Sydney sketching – fmr Marrickville lockup

July 3, 2012

Apparently delinquent youth in Marrickville a hundred years ago were running riot, which might in part account for the bizarre facade of this local Police Station built at the time. A case perhaps of the NSW Government looking tough on law and order issues. Designed by Government Architect, Walter Liberty Vernon, it is said to mimic a local property developer’s villa nearby, overlooking the Cooks River, which featured rusticated sandstone. “Rusticated” is an architectural term I’ve recently come to grips with and refers to sandstone with a roughly-hewn looking appearance, as opposed to smooth surfaces of what I think is referred to as “dressed” sandstone. Vernon contrasted areas of rusticated and dressed in his numerous buildings around town: the Pyrmont Fire Station, Newtown Post Office and the Registrar-General’s Building.

Unlike the other three mentioned, this a squat single-storey building. What marks this facade as a Police Station (apart from the sign above the entrance) are the stone crowns atop the pilasters flanking the entrance.

I spent half-an-hour standing up sketching this with a blunt pencil and realised very quickly that the blocks of sandstone seem ready-made for continuous line. Spending more time on the “middle” process (initial process is general shape and last process is the detail and tone), moving towards the largest geometric shapes, is still required. Focussing on individual blocks of sandstone sets up the extraordinarily tight symmetry of the facade. I’m often asked if I use a ruler for straight lines – the idea abhors me – but as a foundation, it would have helped today! I would have liked to have contrasted the dressed sandstone areas (lintels and sills). In Gladstone Street, it’s off the high road shopping strip and incongruously in what is now a relatively quiet back street of residential houses. Facing west, it’s good to draw in the afternoons.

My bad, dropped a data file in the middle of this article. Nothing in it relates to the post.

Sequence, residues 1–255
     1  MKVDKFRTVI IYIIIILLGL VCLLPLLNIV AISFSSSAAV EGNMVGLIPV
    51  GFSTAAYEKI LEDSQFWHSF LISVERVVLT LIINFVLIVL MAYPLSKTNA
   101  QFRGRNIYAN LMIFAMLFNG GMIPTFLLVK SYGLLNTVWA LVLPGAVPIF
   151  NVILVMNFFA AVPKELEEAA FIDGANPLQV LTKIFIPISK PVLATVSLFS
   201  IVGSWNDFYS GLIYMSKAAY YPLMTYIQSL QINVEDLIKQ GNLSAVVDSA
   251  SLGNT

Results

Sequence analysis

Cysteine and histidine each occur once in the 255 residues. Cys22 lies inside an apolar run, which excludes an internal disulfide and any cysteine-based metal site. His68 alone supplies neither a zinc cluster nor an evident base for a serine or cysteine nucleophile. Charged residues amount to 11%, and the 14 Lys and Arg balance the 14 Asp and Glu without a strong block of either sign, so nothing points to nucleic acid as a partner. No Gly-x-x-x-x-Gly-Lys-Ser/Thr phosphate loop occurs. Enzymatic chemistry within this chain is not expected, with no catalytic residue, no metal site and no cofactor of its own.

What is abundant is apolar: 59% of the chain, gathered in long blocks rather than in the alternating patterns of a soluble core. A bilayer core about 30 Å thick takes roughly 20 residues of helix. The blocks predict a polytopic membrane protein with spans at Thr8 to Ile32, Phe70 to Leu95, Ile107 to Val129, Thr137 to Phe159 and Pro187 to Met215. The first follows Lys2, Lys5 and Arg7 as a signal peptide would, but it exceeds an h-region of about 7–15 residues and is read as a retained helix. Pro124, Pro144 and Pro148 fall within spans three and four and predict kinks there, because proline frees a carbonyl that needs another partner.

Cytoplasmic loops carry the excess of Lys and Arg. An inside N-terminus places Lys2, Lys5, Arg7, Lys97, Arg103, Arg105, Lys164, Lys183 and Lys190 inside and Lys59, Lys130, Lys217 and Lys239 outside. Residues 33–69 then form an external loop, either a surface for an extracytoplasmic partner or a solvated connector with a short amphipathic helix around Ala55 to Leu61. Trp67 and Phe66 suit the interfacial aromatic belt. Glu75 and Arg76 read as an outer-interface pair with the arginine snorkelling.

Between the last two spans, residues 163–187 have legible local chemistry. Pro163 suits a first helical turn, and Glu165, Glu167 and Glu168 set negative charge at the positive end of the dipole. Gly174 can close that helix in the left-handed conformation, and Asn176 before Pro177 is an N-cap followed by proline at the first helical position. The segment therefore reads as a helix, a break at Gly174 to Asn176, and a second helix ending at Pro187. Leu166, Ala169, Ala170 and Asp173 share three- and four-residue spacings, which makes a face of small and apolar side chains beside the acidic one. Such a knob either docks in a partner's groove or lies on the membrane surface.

Here are photos taken at the time it changed hands from being a neighbourhood centre to a real estate agency. What isn’t obvious here is that the building is symmetrically designed around a single axis, lit by a skylight,  which runs the full length of the building block to, what I imagine, was an Exercise Yard past a series of prison cells. Not immediately obvious here is the original bright green front doors with yellow trim. Sometime between 1936 and the present, elaborate external light fittings have been removed.


I’ll come back again with my own seating. I think this is the most unusual Police Station in the entire city and I’m on the lookout for anything else in such a Fort Knox-looking style.


Built in 1895-1896; cost 2,369 pounds 2/4. Referred to initially as the ‘Marrickville Lock-Up’. Meader, Chrys, Richard Cashman and Anne Carolan, Marrickville: People and Places. Hale & Ironmonger, 1994. 

NSW Office of Environment & Heritage. Heritage Item report:


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